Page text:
Impact investing, while growing, still represents only a tiny fraction of the global economy. To truly make a difference and achieve Sustainable Development Goals (SDGs) or tackle the world’s most significant challenges, Bendell says more significant capital allocation is necessary.

Colorful paper pyramids in ascending size

According to Bendell, one of the big challenges lies in the structure of traditional financial instruments, such as venture capital and private equity, which may not be inherently suited to social and environmental enterprises. Terms and structures need revision to better align with the goals of impact investing. Tax codes, especially in the United States, present complications that make it harder to have a deep impact in public markets compared to private ones. “Wealth managers have no idea where to put impact deals,” Bendell says, “they push you to either maximize returns or make donations, and relationships between clients and wealth managers make it difficult to switch to one perhaps better suited for a values-based approach.” Bendell points to initiatives like ImpactTerms.org that aim to make frameworks more accessible, and the sharing of investment structures and their outcomes can help newcomers navigate this evolving landscape.

To get people to reconsider their relationship to resources, it works best with a gentle conversation, an invitation into a beautiful journey.

As we look ahead to the next five years, the future of impact investing remains uncertain. Much depends on whether the experiments in the field can catch fire and spread to more traditional, risk-averse capital. There’s also the looming uncertainty of potential backlash against ESG (Environmental, Social, and Governance) practices, with some political figures viewing them as threats to the status quo.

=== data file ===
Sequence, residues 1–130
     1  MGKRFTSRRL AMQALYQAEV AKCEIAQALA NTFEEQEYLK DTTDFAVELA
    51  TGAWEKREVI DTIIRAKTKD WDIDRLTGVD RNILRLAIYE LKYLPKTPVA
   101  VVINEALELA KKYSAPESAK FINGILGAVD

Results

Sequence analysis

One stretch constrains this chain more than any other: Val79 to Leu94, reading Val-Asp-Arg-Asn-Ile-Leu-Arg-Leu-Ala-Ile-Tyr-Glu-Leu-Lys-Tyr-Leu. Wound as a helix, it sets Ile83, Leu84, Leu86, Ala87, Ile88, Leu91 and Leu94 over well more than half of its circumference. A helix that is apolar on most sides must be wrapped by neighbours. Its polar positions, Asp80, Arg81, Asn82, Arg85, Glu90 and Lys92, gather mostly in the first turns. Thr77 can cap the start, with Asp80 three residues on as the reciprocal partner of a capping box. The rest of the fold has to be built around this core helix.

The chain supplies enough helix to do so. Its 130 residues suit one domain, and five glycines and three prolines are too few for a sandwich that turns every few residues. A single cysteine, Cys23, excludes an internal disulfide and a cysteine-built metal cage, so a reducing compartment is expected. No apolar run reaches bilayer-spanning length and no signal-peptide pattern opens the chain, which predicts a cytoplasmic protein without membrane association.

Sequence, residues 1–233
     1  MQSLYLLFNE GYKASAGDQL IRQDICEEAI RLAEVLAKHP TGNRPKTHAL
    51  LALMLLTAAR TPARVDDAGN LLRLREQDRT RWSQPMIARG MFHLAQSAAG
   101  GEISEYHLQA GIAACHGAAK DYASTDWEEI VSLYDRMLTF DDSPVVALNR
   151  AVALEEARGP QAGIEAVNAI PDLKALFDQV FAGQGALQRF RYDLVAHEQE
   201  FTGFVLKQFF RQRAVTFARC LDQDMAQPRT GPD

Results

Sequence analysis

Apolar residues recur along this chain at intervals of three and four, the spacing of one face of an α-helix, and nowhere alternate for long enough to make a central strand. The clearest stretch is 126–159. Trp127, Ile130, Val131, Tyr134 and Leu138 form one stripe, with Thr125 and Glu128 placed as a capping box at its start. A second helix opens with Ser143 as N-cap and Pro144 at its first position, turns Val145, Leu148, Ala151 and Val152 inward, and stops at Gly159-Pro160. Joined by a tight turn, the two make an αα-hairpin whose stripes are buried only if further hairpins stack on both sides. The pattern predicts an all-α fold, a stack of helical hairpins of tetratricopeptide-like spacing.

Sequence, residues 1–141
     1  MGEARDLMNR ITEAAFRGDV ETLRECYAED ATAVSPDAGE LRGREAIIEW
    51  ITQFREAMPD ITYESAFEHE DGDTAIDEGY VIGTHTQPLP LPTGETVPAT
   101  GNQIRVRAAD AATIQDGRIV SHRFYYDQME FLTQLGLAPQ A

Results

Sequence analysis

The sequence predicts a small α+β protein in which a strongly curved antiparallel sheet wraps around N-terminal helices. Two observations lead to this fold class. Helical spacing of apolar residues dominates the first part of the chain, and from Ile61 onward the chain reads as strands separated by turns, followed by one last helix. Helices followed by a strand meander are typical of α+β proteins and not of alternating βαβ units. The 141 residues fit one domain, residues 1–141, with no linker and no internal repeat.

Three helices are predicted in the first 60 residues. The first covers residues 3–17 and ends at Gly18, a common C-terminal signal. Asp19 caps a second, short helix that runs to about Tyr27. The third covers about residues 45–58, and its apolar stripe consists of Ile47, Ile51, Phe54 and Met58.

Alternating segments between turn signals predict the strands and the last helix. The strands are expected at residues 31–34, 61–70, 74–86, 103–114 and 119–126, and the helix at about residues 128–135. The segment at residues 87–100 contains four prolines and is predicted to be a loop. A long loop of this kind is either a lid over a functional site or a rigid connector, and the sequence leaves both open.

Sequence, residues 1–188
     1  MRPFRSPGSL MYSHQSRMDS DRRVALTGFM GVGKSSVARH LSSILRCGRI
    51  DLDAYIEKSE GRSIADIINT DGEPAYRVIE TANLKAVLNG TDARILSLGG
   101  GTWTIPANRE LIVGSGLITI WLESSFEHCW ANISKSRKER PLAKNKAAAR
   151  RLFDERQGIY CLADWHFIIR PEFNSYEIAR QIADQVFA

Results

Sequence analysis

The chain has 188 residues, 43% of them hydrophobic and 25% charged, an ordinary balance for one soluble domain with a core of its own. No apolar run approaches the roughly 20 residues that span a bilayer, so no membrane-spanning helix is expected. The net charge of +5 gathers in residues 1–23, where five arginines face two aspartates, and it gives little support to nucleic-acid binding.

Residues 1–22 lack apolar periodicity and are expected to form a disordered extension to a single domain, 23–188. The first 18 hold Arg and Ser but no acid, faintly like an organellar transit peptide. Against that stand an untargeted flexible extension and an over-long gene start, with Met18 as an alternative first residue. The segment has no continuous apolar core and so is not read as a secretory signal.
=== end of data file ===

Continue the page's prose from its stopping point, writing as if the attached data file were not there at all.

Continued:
Yellow arrow pointing up on top of piles of coins

Moreover, Bendell points to the impact investing community’s lack of clarity in metrics and reporting. “Bespoke metrics or vanity metrics will get us nowhere as a field,” he says, “The fact that you have always done it this way is a lousy excuse for continuing to do it this way.” We need “interoperability,” he says, to compare whether a dollar invested in enterprise X is going to be more impactful than a dollar invested in Y. We need to let go of how we’ve always done it and embrace emergent industry standards.”

However, these challenges are not insurmountable. Toniic, along with other organizations and individuals dedicated to this cause, is working diligently to overcome these hurdles and unlock capital for impact. In the end, impact investing is about more than just financial returns; it’s about shaping a world where every investment takes into account its broader effects on society and the environment. As the movement continues to grow and evolve, it has the potential to reshape the very foundations of finance and inspire others to join in the journey towards a more sustainable, equitable, and compassionate world. We should continue to cultivate safe spaces for the raw, honest conversations that Bendell says most effectively move us forward collectively.

Catherine Griffin, an Impact Entrepreneur correspondent, is the founder of ImpactableX, and draws from nearly a decade of experience with impact measurement and management. Her work has been featured in FastCompany, the NYT and Forbes.
World Scientific Series in Health Investment and Financing. Sustainability.